© 2013 Verlag Bertelsmann Stiftung, Gütersloh Responsible: Thomas Fischer, Joachim Fritz-Vannahme Production editor: Christiane Raffel Cover design: Elisabeth Menke Cover illustration: Shutterstock/Adisa Typesetting and Printing Hans Kock Buch- und Offsetdruck GmbH, Bielefeld ISBN 978-3-86793-537-1 www.bertelsmann-stiftung.org/publications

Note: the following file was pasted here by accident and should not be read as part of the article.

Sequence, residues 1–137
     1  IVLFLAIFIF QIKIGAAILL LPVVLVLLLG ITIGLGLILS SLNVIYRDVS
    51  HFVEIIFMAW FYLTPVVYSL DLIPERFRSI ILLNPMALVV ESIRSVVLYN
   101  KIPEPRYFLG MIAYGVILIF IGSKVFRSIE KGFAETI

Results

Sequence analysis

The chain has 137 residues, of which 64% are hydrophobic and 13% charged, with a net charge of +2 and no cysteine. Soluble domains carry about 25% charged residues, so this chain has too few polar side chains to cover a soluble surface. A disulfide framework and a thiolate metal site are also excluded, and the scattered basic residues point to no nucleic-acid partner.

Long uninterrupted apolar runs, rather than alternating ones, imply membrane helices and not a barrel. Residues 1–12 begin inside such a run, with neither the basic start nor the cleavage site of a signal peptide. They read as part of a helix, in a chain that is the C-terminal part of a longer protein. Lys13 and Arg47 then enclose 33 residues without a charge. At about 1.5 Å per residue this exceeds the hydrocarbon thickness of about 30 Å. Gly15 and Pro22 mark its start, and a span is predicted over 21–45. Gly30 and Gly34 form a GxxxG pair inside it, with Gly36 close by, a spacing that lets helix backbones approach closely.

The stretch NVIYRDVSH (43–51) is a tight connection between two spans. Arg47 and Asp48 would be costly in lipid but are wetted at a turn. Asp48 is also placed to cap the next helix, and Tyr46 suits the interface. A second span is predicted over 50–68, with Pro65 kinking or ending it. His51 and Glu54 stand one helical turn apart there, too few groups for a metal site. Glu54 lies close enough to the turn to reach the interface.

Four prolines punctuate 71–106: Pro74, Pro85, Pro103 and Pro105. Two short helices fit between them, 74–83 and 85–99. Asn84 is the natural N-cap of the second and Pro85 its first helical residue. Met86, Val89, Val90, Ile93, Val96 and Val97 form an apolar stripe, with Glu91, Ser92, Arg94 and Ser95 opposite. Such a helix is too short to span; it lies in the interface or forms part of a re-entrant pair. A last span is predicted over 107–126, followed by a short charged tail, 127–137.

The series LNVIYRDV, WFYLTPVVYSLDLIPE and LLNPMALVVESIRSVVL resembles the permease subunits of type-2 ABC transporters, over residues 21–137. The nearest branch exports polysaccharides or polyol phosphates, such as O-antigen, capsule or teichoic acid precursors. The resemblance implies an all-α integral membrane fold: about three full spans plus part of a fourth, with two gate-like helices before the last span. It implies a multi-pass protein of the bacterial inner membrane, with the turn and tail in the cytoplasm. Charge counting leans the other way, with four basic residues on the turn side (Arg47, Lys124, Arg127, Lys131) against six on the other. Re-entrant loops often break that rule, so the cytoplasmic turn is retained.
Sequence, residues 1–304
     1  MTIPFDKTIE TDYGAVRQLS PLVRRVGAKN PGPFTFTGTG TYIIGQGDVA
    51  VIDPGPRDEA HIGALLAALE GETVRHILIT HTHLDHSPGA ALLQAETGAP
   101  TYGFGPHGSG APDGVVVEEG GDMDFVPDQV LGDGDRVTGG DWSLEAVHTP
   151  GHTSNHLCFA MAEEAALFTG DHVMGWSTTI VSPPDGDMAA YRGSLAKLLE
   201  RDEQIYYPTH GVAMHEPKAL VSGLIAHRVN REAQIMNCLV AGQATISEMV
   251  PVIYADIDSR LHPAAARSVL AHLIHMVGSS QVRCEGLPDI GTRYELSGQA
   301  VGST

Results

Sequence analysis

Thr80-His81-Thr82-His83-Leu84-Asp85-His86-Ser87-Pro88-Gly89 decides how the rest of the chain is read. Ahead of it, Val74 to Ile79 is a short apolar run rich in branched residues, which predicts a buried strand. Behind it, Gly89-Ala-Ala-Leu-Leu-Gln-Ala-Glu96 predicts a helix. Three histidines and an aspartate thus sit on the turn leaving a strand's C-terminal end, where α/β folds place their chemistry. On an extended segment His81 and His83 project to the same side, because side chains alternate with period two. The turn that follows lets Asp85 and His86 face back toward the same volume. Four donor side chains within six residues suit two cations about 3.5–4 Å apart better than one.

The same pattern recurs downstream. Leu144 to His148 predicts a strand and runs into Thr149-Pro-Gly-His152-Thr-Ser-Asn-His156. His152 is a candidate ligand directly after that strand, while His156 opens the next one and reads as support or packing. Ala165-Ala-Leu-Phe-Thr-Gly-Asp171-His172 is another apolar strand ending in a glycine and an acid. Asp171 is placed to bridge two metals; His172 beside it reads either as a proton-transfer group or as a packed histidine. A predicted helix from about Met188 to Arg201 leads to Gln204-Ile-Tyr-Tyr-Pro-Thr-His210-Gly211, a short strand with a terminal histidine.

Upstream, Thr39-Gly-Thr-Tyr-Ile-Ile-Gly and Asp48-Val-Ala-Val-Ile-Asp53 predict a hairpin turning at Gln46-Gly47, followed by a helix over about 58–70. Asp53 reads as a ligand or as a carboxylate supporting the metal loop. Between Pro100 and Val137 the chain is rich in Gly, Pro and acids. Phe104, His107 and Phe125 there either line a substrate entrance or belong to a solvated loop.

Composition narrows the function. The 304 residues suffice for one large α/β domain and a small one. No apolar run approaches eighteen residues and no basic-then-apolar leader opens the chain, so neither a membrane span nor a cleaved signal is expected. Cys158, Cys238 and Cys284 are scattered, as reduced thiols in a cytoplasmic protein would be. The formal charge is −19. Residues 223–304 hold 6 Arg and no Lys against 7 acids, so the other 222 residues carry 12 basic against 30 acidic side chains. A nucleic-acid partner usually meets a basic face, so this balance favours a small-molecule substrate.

A Fundamental Law The unity of Europe is vital if global challenges are to be met and European values and interests promoted. But how should the new polity of the European Union be governed? The present constitutional architecture is hardly fit for the purpose. Executive authority is dispersed and democratic accountability weak. Expedient measures needed to address the financial and economic crisis have stretched the present EU treaties close to their limits. The Union’s system of governance must be reformed if it is to deliver much needed public goods at home and decisive leadership abroad. In the face of hostile public opinion, the national governments of its Member States fear to give the EU the powers and resources it needs. National parties and parliaments fail to embrace the European dimension of politics. So the European Union needs to assert itself. European challenges can be met only in a European way. This proposal for a Fundamental Law of the European Union is a comprehensive revision of the Treaty of Lisbon (2007). Replacing the existing treaties, it takes a major step towards a federal union. It turns the European Commission into a democratic constitutional government, keeping to the method built by Jean Monnet in which the Commission drafts laws which are then enacted jointly by the Council, representing the states, and the European Parliament, representing the citizens. All the reforms proposed are aimed at strengthening the capacity of the EU to act. The Union reformed along the lines established in the Fundamental Law will be more efficient and effective, more transparent and accountable. The Spinelli Group of MEPs recommends the Fundamental Law for consideration by the Convention which will soon be called upon to amend the EU treaties.